There’s been a lot of coverage of the call by retired generals to scrap the planned replacement for Trident. This will undoubtedly be grasped by many people (especially our friends on the left) as a further sign that replacing Trident will be a massive waste of money/militarily useless. However, there are several health warnings about the advice of the generals.

Firstly, generals will always (understandably) be a partisans for their service: Trident is a piece of naval equipment and therefore only serves to give prestige to the Navy. Ergo, the army don’t like it.

Secondly, the time frame required to replace Trident is exceptionally long: no security/defence analyst now can honestly predict the strategic environment that we’ll be faced with in 20-30 years. Replacing it is therefore a very good insurance policy: the recent resurgence of Russia is a case in point and would have taken an extremely high level of prescience to predict during the mid-nineties. Furthermore, other countries are likely to retain nuclear weapons for the time being: putting it simply, having nukes means that people listen to us. Putting it crudely, we want to retain our relative power position in the world in order to pursue a robust foreign policy where necessary.

Thirdly, deterrence is a necessary option for a country of our size: during the Cold War it was often repeated that all the Red Army needed to invade Britain was enough boots. We are a small nation in terms of population/forces we can put in the field: given that it is not inconceivable that another state power may wish to coerce us by force in the future, it’s absolutely necessary the UK possesses something that could make them think twice.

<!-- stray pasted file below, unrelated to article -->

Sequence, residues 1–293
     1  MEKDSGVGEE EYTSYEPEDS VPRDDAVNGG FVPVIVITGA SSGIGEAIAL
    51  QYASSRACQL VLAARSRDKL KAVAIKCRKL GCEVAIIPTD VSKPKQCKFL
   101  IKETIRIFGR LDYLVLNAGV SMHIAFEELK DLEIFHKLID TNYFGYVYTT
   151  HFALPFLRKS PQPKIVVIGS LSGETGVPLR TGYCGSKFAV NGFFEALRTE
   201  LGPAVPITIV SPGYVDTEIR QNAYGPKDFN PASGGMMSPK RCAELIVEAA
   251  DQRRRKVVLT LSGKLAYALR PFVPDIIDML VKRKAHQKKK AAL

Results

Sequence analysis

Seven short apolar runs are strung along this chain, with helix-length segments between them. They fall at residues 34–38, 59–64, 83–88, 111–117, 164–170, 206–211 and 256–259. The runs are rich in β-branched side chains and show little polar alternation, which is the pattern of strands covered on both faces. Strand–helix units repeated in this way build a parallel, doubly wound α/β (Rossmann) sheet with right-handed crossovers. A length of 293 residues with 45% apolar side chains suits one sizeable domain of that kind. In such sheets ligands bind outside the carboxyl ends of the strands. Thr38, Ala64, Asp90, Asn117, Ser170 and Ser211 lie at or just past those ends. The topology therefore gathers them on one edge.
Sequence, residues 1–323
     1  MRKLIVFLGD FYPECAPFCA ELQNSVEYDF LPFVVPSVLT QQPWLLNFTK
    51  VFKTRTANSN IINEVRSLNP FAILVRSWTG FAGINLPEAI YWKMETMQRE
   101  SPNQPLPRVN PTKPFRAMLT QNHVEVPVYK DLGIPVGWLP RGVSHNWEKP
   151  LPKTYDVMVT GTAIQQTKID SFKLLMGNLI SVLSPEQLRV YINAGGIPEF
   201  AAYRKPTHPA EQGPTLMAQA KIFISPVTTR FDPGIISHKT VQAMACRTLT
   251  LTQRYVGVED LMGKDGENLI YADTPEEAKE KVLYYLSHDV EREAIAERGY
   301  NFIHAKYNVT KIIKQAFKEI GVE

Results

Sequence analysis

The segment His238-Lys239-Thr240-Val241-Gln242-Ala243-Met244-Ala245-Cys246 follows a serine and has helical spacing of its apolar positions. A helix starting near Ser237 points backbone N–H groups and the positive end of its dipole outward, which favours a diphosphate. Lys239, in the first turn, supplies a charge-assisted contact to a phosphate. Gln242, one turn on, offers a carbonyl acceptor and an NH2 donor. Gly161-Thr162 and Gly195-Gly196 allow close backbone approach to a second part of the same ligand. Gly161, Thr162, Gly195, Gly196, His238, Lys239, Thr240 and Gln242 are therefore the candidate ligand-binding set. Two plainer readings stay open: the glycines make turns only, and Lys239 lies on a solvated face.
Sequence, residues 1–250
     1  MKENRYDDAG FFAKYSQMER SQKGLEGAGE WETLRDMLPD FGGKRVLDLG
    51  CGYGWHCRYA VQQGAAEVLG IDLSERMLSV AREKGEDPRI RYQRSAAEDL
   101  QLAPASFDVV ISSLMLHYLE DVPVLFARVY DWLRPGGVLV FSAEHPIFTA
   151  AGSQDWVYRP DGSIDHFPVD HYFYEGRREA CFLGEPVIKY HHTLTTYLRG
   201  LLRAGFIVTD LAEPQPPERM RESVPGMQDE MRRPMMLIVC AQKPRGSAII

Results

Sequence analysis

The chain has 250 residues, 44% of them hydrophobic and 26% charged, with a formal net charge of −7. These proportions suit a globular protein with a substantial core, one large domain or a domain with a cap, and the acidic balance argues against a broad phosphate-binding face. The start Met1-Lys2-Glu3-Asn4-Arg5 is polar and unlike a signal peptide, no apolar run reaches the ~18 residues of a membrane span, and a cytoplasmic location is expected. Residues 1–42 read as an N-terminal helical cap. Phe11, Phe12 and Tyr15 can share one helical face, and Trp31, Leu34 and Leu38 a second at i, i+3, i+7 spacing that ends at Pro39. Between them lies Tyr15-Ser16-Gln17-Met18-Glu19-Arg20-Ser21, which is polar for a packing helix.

Lastly, whilst I sympathise with the plight of the army (I would like to see funding for the military increased to address pay/conditions/kit issues that the Generals rightly bring to the fore), it is frankly a bit rich for the army to talk about obsolescence when the army order of battle has changed itself so little from the Cold War period. If we want to talk about ineffective weapons systems lets look at tanks. Impossible to deploy quickly (so much for rapid reaction), only useful against other tanks (and there are much better means of killing tanks), the number of cavalry regiments remains artificially high simply for the reason that they have a greater social cachet (and therefore more friends in high places) than infantry regiments. The same goes for 90% of the artillery.

Massive resources are tied up in army equipment that has a role that can be better performed by something else. Yet, when the army last restructured the number of infantry regiments was cut whilst cavalry remained the same: to reiterate this point, the continued requirement for cavalry/artillery regiments to do ‘dismounted’ tours (i.e. as infantry) acts as a pretty stinging indictment of the current order of battle. In this regard then, the army needs to have a long look at itself before criticising other services (and there are undoubted criticism of the navy and air-force that can be made that move well beyond Trident).

So, whilst I welcome the chance for a healthy debate about the future of defence spending, I think it’s necessary for people to be aware of the problems surrounding the general’s advice. Trident is a vital part of our defence posture and needs to be replaced.